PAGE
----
On Tuesday, U.S. Citizenship and Immigration Services issued final guidance regarding L-1B adjudications policy. The L-1B visa category permits multinational companies to transfer employees who possess “specialized knowledge” from their foreign operations to their operations in the U.S. The new policy memorandum applies to all L-1B petitions pending or filed with USCIS on or after August 31, 2015.

The agency released an earlier version of the policy in March and solicited public feedback. Though the structure of the final guidance remains unchanged, USCIS made several substantive changes that are likely to affect how USCIS adjudicators apply the policy. Below are key changes that companies should be aware of as they prepare for implementation of the new binding policy guidance:

  • Definition of “specialized knowledge”:
    • When explaining whether knowledge is advanced, the government added language emphasizing that “[i]t is not sufficient to demonstrate that the beneficiary has general knowledge of processes and procedures common to the industry; the focus here is primarily on whether the beneficiary’s knowledge of the processes and procedures used specifically by the petitioning organization is advanced.” (Emphasis in original.)
  • Wage obligations for L-1B transfers:
    • The government clarified that an officer should consider whether “the total compensation provided to the beneficiary is comparable in dollar value to similarly situated peers in such U.S. operations.” Total compensation may include “guaranteed forms of payment made to an employee for services rendered for the petition. Such compensation may be paid in the form of money, a commodity, a service, or a privilege, including food, transportation and housing allowances, as well as guaranteed bonuses. The payment must be principally for the convenience or benefit of the employee and be agreed upon by the petitioner and beneficiary before the petition is filed.”
  • Evidence of specialized knowledge:
    • When addressing evidentiary criteria for an L-1B petition, the final guidance adds language stating that a “petitioner’s statement may be persuasive evidence if it is detailed, specific and credible. Adjudicators may, in appropriate cases, however, request further evidence to support a petitioner’s statement, bearing in mind that there may be cases involving circumstances that may be difficult to document other than through a petitioner’s own statement.”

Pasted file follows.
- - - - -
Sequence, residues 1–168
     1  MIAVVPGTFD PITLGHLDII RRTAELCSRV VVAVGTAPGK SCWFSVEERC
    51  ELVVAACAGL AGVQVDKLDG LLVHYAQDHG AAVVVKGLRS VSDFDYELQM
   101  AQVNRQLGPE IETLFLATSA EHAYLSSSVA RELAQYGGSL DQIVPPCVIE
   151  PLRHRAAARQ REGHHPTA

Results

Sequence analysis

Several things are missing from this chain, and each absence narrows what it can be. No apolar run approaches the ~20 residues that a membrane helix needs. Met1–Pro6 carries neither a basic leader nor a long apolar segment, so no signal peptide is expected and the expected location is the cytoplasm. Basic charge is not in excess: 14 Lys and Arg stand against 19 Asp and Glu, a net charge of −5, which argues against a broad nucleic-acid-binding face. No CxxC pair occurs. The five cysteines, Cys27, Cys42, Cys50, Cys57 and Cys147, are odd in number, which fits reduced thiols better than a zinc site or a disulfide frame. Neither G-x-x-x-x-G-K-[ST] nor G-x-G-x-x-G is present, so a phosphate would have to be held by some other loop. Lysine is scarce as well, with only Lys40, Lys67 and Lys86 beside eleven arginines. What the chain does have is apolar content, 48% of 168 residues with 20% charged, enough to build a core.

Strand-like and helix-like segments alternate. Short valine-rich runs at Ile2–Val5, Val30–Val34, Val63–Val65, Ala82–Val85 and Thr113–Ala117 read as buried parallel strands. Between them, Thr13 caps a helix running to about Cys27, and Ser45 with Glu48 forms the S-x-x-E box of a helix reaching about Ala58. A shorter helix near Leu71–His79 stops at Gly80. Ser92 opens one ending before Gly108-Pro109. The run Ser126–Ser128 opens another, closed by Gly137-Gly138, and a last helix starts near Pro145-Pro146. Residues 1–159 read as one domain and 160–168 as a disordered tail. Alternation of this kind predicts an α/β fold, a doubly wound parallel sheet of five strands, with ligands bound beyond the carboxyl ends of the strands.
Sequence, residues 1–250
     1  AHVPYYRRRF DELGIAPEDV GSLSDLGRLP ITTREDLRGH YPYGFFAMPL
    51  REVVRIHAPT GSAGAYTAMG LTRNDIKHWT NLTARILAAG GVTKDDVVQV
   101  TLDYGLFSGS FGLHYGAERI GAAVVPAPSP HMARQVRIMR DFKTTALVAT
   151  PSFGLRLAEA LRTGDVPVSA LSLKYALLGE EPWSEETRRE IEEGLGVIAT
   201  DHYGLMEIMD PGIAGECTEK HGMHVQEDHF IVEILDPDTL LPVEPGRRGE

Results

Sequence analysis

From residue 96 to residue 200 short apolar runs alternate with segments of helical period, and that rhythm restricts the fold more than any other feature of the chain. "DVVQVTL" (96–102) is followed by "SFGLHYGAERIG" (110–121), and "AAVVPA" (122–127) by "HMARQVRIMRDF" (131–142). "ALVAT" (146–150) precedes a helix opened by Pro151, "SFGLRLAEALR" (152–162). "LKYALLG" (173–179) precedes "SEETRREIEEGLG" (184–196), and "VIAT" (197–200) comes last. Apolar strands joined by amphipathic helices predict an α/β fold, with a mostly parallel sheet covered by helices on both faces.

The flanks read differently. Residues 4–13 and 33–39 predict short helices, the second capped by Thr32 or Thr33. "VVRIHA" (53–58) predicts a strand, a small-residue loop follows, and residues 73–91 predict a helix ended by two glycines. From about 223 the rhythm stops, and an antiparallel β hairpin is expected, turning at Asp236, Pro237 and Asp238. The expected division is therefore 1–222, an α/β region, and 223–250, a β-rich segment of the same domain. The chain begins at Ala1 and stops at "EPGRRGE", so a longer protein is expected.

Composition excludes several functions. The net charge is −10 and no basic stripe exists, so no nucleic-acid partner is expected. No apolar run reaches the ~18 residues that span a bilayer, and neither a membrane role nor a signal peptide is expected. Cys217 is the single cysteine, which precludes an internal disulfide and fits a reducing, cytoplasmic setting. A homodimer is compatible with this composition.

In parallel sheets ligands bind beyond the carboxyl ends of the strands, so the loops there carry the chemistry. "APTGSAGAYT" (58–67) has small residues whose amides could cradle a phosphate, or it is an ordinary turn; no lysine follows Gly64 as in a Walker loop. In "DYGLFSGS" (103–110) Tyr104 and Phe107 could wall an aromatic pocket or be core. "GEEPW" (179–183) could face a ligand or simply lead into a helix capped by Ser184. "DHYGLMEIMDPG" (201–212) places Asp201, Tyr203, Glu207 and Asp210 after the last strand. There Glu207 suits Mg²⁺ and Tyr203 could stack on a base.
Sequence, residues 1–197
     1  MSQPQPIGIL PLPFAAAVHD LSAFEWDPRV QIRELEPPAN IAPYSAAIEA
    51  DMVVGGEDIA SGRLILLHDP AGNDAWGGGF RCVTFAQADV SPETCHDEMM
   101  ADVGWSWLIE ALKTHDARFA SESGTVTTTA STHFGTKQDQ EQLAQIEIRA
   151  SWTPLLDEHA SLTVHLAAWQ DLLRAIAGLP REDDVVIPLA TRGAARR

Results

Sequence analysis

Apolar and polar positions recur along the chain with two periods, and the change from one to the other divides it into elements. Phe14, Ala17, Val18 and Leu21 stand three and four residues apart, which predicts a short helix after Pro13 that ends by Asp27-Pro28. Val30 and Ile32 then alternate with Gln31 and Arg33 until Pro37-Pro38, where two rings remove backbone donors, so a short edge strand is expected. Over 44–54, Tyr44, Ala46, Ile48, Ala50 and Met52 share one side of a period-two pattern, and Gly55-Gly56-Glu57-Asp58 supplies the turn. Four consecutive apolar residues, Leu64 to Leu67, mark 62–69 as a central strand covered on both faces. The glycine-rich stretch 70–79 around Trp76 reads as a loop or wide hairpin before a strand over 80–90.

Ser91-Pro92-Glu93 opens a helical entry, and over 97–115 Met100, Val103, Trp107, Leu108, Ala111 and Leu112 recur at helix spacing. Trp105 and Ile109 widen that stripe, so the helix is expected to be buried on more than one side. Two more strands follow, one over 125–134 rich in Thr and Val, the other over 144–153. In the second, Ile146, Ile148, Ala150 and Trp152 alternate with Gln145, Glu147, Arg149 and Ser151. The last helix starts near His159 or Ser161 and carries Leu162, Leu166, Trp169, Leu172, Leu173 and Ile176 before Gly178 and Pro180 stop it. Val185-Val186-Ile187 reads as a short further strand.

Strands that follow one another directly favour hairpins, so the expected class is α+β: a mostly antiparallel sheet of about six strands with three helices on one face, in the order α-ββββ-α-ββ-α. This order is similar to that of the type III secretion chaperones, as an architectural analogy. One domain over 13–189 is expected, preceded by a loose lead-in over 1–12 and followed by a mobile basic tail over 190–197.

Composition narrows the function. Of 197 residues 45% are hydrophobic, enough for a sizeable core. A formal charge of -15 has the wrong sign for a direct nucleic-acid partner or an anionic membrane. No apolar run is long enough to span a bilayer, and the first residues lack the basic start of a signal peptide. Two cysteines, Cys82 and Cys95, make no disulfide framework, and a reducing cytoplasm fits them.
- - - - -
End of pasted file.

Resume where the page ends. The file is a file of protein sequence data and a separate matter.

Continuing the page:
• Deference for prior approvals:
    • The earlier draft guidance did not address how USCIS should treat a prior L-1B approval by the U.S. Department of State or Customs and Border Protection (CBP). The final guidance states that “USCIS will take note of a previous determination of L-1B eligibility made by the Department of State or U.S. Customs and Border Protection, but will make a determination on the instant petition based on the record before it, consistent with the guidance provided in this memorandum.”
  • Change in off-site work location:
    • USCIS retained the footnote language that says that “a change in off-site employment, depending on the circumstances, may constitute a substantial change or new material information requiring readjudication by USCIS to ensure compliance with the L-1 Visa Reform Act.”

BAL Analysis: In light of the subjective nature of the L-1B visa category, it is difficult to predict how USCIS adjudicators will interpret the nuanced and lengthy 15-page guidance. Though the final policy memorandum retained important provisions, such as affirming the preponderance-of-evidence standard, other provisions could result in sustained or elevated rates of Requests for Evidence (RFEs) or L-1B denials. BAL will continue to work with the agencies and monitor the government’s implementation of the guidance. Clients should consult with their BAL professionals to discuss how the guidance may impact their L-1B programs.

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